2005-jeep-wrangler-tj-black-inline-6-brute-conversion-tub-roll-bar-cage-welded-in-rear-cab-closeoutOnce everything is added to the frame and bolted down, the vehicle is rolled out of the garage bay, leaving room for the engine work. The new engine is uncrated and all of the bolt-on parts are transferred to the new block, below. The new 4.6L boosted Inline-6 will give plenty of power to the 37" tires; coupled with the ATS transmission and '60 axles, this Jeep will be practically grenade proof. To the left we have the new 4.6L, and on the right covered in plastic, the stripped down, the engine is mounted to the frame, along with the transmission, transfer case, axles and suspension. Now for the engine specs; stock Inline-6 engines in the Jeep Wrangler TJ platform usually produce somewhere around 190hp and 235ft/lbs of torque. While the Inline-6 is certainly enough for the smaller TJ platform, some builds, especially those with larger tires or Brute conversions, desire more power. Enter the 4.6L boosted long block from Golen High Performance Engines. This tricked out '6 will produce 350bhp at 5200rpm with 6psi of boost (you may notice the small Banks Sidewinder turbo below), and 360ft/lbs of torque! This beast of an engine takes the legendary capabilities of the AMC-designed Inline-6 to a whole new level, and with the 4.88 gears housed within the TeraFlex 60's, will turn the 37" tires without breaking a sweat!black-brute-jeep-tj-conversion-turbo-closeup-front

    black-jeep-tj-brute-frame-engine-transmission-transfer-case-axles-suspension-addedblack-brute-jeep-tj-conversion-turbo-trans-linesTo handle all of this power, a built ATX Diesel 42RLE Automatic Transmission (note the purple color) was added, and the stock Rubicon 4:1 transfer case was retained. The Teraflex '60 axles and 4.88 gears have already been mentioned, but housed within the axles is another cool piece of equipment - ARB air lockers. With this combination, there won't be any terrain this 4.6L Brute can't handle!black-jeep-tj-brute-frame-engine-transmission-transfer-case-axles-suspension-added-driver-sideAs it currently sits in the garage, this Brute features the engine, transmission, transfer case, and axles on the lengthened frame. Above, the fuel and brake lines are being clipped into place, as well as the electrical hookups for the fuel pump, rear winch, and other items at the tail end of the vehicle. Below, the rear winch is a Warn M8000s, featuring synthetic line. The control box has been positioned so as to correctly fit under the Brute truck bed. The body panels should be bolted down at the end of the week, but for now, some customization has to be done to the Nth Degree suspension system to work with the Brute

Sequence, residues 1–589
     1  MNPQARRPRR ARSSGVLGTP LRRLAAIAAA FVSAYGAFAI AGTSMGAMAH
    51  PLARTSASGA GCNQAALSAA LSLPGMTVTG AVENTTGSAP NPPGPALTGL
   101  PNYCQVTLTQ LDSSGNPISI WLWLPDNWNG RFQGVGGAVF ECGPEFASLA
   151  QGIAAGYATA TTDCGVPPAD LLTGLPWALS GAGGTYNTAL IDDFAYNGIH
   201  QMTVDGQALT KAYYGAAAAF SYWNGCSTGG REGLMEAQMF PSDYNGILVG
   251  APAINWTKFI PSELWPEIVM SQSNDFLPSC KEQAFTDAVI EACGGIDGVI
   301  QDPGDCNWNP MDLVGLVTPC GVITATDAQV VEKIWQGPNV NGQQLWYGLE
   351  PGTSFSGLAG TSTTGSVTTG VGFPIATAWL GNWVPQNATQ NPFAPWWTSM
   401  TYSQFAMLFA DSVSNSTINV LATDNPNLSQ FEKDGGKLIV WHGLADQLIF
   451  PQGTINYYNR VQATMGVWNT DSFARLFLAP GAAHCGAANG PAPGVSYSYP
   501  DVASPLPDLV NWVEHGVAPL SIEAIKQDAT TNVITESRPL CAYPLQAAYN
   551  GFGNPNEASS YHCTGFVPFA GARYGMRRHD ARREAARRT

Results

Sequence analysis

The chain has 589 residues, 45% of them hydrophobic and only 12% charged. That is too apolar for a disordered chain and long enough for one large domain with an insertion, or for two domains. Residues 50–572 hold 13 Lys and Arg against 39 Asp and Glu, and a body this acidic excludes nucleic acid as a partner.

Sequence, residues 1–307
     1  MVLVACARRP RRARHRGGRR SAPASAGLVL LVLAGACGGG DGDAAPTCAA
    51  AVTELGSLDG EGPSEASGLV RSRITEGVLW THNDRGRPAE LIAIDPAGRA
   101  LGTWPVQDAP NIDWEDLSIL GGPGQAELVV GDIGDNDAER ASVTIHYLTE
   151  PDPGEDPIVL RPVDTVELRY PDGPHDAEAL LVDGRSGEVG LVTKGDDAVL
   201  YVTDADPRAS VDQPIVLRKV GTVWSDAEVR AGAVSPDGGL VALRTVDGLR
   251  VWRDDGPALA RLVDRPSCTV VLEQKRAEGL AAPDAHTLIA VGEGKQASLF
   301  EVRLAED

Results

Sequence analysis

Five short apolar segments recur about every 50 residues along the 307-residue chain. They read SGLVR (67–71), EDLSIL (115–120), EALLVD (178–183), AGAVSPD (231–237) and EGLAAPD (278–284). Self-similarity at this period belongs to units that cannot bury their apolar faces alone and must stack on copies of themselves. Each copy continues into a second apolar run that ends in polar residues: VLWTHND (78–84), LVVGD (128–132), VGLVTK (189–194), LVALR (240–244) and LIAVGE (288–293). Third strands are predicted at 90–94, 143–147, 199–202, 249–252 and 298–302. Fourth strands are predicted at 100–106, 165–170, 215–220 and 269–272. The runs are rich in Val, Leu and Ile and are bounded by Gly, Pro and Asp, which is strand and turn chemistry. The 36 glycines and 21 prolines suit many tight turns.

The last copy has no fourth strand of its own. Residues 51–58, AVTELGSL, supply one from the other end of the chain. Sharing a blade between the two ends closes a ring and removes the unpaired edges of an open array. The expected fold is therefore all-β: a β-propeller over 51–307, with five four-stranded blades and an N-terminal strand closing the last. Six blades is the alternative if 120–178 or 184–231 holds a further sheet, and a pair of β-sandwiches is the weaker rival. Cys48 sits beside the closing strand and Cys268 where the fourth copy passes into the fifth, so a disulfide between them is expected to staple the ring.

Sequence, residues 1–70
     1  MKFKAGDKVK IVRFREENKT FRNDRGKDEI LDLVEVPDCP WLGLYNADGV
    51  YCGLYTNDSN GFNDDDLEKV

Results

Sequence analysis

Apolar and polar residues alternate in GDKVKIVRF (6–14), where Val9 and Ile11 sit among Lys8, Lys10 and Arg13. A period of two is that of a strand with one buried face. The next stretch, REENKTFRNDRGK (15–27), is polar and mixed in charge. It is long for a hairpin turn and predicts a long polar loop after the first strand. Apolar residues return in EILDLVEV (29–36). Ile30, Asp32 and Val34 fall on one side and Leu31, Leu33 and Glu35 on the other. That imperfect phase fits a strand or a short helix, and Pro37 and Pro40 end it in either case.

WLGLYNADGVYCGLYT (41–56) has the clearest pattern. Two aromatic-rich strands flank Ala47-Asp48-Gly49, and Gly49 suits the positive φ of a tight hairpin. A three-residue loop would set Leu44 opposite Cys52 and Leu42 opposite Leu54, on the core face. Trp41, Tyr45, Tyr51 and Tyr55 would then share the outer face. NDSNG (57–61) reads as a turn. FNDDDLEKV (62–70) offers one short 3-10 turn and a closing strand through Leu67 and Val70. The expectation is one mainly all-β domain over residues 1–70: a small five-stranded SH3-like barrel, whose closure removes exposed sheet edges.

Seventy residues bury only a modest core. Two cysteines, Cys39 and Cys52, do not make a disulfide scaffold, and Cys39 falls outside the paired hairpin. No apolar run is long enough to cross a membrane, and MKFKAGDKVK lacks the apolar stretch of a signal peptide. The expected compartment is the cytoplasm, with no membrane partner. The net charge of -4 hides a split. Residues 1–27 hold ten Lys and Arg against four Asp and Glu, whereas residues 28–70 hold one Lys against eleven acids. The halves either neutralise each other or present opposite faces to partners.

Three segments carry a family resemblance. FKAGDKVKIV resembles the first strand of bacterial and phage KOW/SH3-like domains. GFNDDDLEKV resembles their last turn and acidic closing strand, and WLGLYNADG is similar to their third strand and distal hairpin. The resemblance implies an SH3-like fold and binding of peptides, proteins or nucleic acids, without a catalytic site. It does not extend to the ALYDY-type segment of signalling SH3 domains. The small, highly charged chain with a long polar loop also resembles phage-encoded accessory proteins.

jeep-tj-brute-conversion-black-tri-link-setupAbove, the 4.5" long-arm kit features a bracket for the tri-link that attaches at the transfer case skid; however, for the Brute kit with the long wheelbase, Chris had to make some modifications. As you can see, the mount for the tri-link had to be moved back to accommodate the lengthened frame; a reinforced plate, attached at the original mounting point on the skid plate, now connects the

    jeep-wrangler-brute-black-tj-conversion-cut-hole-for-coolant-lines-with-grommetWith the Banks sidewinder turbo, the OEM grille had to be modified as well. As you can see here, holes cut into the grille, complete with grommets, allow lines for the turbocharger heat exchange radiator to be run through the grille. On top of the first radiator, we have the factory condenser for the A/C unit, followed by the Griffin Aluminum


    jeep-wrangler-brute-black-tj-conversion-grille-in-progress-intercooler-coolant-lines-grommet-offroad-air-conditioning-radiatorNext up, the cab is placed on the frame and lined up, soon to be followed by the truck bed, highline fenders and hood. In the image below, you can see the initial alignment of the cab, full-doors, and AEV top. Further down, you can see the new cab and the OEM TJ grille on the frame (with 33" rollers), giving an idea of what the final product will look like. Check back next week for the specs and a few pictures before this 4.6L Brute leaves for paint!jeep-brute-black-tj-conversion-cab-doors-bed-lined-upjeep-wrangler-brute-black-tj-conversion-tub-over-frame-build-lift